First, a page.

Advice on training collars needed + "Force Fetching Is Never Completely Done"

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Advice on training collars needed + "Force Fetching Is Never Completely Done"

Post by Jerry How » Wed, 06 Feb 2002 10:00:53

Hello cindy "don't let the dog SCREAM" mooreon,


> Without recommending for or against the use of a collar in your situation,

Becasue that wouldn't look good?

> my comment would be

An out and out lie if you thought you was bright enough to pull it off

> that if you do decide to use a collar,

It may make your dog vicious and get him DEAD, but sindy "don't let the dog
mooreon wouldn't admit to that either.

> do not do so on your own; find someone who is experienced in training
> with them (and whose dogs whose attitudes you like) to show you how.

An expert dog abuser like you, "don't let the dog SCREAM, hold its muzzle

> They are not intuitive to use.

You got to be ***, or learn from one...

> In the larger scheme of things, though, you may have to accept that
> your dog simply will never be reliable off leash regardless of the

training he gets.


That's what a dog abuser sez to justify HURTING dogs to train them. I've
had a student tell me he can't train his dog using EFFECTIVE NON ***
as taught in your FREE copy of my FREE Wits' End Dog Trainnig Method manual
for FREE at

> Hardwired motivations are really hard to counter.

Care to identify thos HARDWIRED MOTIVATIONS? You're doubletalkin us again.

> The primary use of electronic collars, in field retriever dogs, is

To INFLICT PAIN and INTIMIDATE the dog to do anything under fear of death.

> used to refine and extend an inbuilt motivation (retrieving)

Only an expert dog lover could NEED to HURT a HUNTIN dog to make it HUNT.

> to an incredible level of finesse

Because you're an incompetent trainer, a calous ***ic DOG ABUSER.
You've been banned from two obedience clubs, and it ain't for stealin their
They can't have you on their property *** shocking and*** dogs.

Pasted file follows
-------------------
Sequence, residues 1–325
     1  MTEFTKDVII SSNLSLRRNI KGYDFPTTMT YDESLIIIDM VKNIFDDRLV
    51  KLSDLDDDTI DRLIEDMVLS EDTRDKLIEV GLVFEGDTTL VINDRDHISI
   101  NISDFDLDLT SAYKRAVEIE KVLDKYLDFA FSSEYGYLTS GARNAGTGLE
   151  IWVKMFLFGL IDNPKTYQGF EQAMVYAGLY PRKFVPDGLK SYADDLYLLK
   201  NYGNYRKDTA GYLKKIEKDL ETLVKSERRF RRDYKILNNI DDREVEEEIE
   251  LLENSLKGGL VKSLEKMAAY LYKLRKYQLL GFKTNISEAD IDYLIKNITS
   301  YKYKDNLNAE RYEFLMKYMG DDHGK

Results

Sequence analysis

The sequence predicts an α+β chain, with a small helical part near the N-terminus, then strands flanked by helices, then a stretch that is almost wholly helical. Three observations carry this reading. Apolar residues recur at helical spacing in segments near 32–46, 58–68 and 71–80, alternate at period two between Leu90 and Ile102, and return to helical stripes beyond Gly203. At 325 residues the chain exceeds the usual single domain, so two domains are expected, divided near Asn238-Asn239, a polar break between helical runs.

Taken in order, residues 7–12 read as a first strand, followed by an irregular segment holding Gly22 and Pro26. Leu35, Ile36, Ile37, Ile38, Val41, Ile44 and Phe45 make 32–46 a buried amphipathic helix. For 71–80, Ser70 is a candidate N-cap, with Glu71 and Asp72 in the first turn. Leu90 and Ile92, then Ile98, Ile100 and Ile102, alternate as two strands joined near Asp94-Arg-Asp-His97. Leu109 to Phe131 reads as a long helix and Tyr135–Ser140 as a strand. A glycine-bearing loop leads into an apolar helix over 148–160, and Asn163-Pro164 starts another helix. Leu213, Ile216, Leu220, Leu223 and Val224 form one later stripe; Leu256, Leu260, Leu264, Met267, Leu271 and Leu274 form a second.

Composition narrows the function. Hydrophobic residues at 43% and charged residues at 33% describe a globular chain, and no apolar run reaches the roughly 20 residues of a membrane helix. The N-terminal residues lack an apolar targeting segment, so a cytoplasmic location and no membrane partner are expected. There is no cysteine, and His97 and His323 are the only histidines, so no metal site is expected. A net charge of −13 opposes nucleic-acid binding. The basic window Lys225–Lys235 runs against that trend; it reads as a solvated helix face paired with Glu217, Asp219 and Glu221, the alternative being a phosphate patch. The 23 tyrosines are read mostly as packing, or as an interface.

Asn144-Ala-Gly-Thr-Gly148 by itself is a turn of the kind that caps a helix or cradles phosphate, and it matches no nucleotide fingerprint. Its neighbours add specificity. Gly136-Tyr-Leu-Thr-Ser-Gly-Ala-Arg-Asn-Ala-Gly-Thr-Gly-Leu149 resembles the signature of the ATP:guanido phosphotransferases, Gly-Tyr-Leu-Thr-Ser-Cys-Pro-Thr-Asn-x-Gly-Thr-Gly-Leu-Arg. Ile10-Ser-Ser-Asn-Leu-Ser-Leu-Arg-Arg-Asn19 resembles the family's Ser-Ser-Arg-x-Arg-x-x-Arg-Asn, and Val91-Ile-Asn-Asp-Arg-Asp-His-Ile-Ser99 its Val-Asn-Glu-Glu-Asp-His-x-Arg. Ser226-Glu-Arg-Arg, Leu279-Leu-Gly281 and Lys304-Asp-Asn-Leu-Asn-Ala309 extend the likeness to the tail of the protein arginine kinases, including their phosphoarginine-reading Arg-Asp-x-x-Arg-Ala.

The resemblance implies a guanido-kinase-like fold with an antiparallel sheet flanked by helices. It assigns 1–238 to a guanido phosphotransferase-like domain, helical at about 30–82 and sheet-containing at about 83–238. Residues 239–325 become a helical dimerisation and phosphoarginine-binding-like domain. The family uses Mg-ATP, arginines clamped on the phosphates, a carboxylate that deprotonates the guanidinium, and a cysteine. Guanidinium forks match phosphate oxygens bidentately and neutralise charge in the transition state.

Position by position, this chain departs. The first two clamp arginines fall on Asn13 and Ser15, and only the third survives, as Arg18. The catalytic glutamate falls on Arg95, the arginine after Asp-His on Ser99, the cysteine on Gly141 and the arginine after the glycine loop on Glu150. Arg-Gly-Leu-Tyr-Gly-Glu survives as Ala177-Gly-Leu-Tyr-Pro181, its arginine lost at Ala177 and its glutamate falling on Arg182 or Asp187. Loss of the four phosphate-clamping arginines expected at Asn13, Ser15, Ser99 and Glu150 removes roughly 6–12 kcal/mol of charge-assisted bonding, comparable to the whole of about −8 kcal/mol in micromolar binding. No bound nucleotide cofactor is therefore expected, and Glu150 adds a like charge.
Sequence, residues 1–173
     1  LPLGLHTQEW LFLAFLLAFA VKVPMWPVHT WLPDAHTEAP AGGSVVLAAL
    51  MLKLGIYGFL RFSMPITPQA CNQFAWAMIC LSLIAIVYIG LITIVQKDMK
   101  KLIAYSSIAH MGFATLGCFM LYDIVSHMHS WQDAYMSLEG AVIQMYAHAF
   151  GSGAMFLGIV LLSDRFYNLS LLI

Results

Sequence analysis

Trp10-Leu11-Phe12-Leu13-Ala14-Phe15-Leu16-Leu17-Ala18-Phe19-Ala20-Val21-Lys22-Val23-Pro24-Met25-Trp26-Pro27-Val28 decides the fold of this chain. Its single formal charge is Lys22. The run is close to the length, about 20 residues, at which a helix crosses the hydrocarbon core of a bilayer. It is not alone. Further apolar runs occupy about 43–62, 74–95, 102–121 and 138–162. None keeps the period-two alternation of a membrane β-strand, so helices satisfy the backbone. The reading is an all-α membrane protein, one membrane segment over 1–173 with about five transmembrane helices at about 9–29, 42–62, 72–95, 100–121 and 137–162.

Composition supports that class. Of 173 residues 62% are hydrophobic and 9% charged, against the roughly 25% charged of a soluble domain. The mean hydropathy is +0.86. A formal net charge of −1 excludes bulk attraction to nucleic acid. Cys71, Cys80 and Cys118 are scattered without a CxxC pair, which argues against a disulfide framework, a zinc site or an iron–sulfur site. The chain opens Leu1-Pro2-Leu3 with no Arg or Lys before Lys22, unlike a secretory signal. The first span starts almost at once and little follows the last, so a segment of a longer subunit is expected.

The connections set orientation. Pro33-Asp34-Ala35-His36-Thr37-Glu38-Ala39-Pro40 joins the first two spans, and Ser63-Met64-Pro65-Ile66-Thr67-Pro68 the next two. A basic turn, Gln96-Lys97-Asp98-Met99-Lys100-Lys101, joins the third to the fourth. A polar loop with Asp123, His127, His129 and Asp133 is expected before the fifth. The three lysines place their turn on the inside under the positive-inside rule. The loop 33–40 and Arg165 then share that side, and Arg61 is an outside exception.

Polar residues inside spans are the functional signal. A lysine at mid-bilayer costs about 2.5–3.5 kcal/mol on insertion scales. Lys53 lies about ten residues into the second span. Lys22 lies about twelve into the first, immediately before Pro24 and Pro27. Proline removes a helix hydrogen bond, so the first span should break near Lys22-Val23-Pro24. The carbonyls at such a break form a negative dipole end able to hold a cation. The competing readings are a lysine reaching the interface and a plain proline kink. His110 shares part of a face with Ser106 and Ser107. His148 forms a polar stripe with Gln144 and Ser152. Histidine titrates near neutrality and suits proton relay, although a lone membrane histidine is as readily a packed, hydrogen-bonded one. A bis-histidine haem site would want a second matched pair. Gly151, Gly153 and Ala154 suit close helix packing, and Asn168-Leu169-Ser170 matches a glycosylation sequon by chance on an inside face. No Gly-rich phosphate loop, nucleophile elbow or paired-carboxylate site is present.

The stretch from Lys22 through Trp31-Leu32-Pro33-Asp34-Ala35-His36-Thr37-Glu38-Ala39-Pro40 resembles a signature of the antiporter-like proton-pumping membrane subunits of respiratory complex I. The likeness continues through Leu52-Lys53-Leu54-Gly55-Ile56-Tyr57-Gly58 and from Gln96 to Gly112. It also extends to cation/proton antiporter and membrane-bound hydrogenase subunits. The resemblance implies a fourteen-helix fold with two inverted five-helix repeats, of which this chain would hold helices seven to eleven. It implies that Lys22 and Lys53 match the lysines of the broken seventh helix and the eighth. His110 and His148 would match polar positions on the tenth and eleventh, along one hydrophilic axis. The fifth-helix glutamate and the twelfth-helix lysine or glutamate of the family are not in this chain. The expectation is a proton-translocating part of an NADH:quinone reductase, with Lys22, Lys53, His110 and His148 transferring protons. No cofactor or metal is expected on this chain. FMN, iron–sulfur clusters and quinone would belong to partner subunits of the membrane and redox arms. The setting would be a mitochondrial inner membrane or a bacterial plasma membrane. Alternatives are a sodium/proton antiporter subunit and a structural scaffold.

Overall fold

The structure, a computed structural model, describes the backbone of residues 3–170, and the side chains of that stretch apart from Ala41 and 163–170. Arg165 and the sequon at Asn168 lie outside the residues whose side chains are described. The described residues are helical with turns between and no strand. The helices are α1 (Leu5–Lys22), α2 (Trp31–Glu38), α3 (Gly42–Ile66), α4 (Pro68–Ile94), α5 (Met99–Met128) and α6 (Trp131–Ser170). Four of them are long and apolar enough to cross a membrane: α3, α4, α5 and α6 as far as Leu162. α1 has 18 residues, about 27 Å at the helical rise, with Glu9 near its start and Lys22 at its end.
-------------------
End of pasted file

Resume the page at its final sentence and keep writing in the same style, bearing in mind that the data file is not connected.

It took you six months of hurtin your dog to train IT to come.

>  (and not, as so many people imagine, to browbeat a dog who does
> not want to retrieve into retrieving;

BUT OF COURSE NOT!!! You PREFER to do that by HAND,  pinching
and twisting ears and toes and *** and beating dogs with sticks.

> field folks just wash out those dogs

Because you can't train a huntin dog to hun UNLESS you're HURTIN him.

> and don't bother with them in the first place).

I think you're forgetting somethin. You bums HURT dogs for MONEY.

> Best yet, I'd say find someone in your area BEFORE you even get the
> collar and go over your situation with them extensively.

You mean find a vicious cretin who can't train a dog without HURTING IT
and give him some money to show you HOWE to HURT IT properly.

> They can see your dog and ask other questions and such that just can't be

done in this medium.

Because you're an incompetent trainer. You're not a trainer, your a dog
abuser. I don't have no
problem training serious problem dogs on the net HOWE COME you can't? I'll
tell you
HOWE COME. You're a blowhard dog abuser.

> --Cindy

Here's some excerpts from your force fetch page on k9web you
threatened to sue us for infringmient for discussing. I'm looking
forward to having you demonstrate these advanced techniques
in front of a criminal judge and jury for felony animal abuse.

"Another excellent and more recent resource is the Tritronics Retrieving
Manual Retriever Training by Jim and Phyllis Dobbs and Alice
Woodyard, which despite its association with the Tritronics
electronic collars has many excellent descriptions of training
techniques that do not use the collar, including an overview of what
they also term the "conditioned retrieve." (This is not a promotion or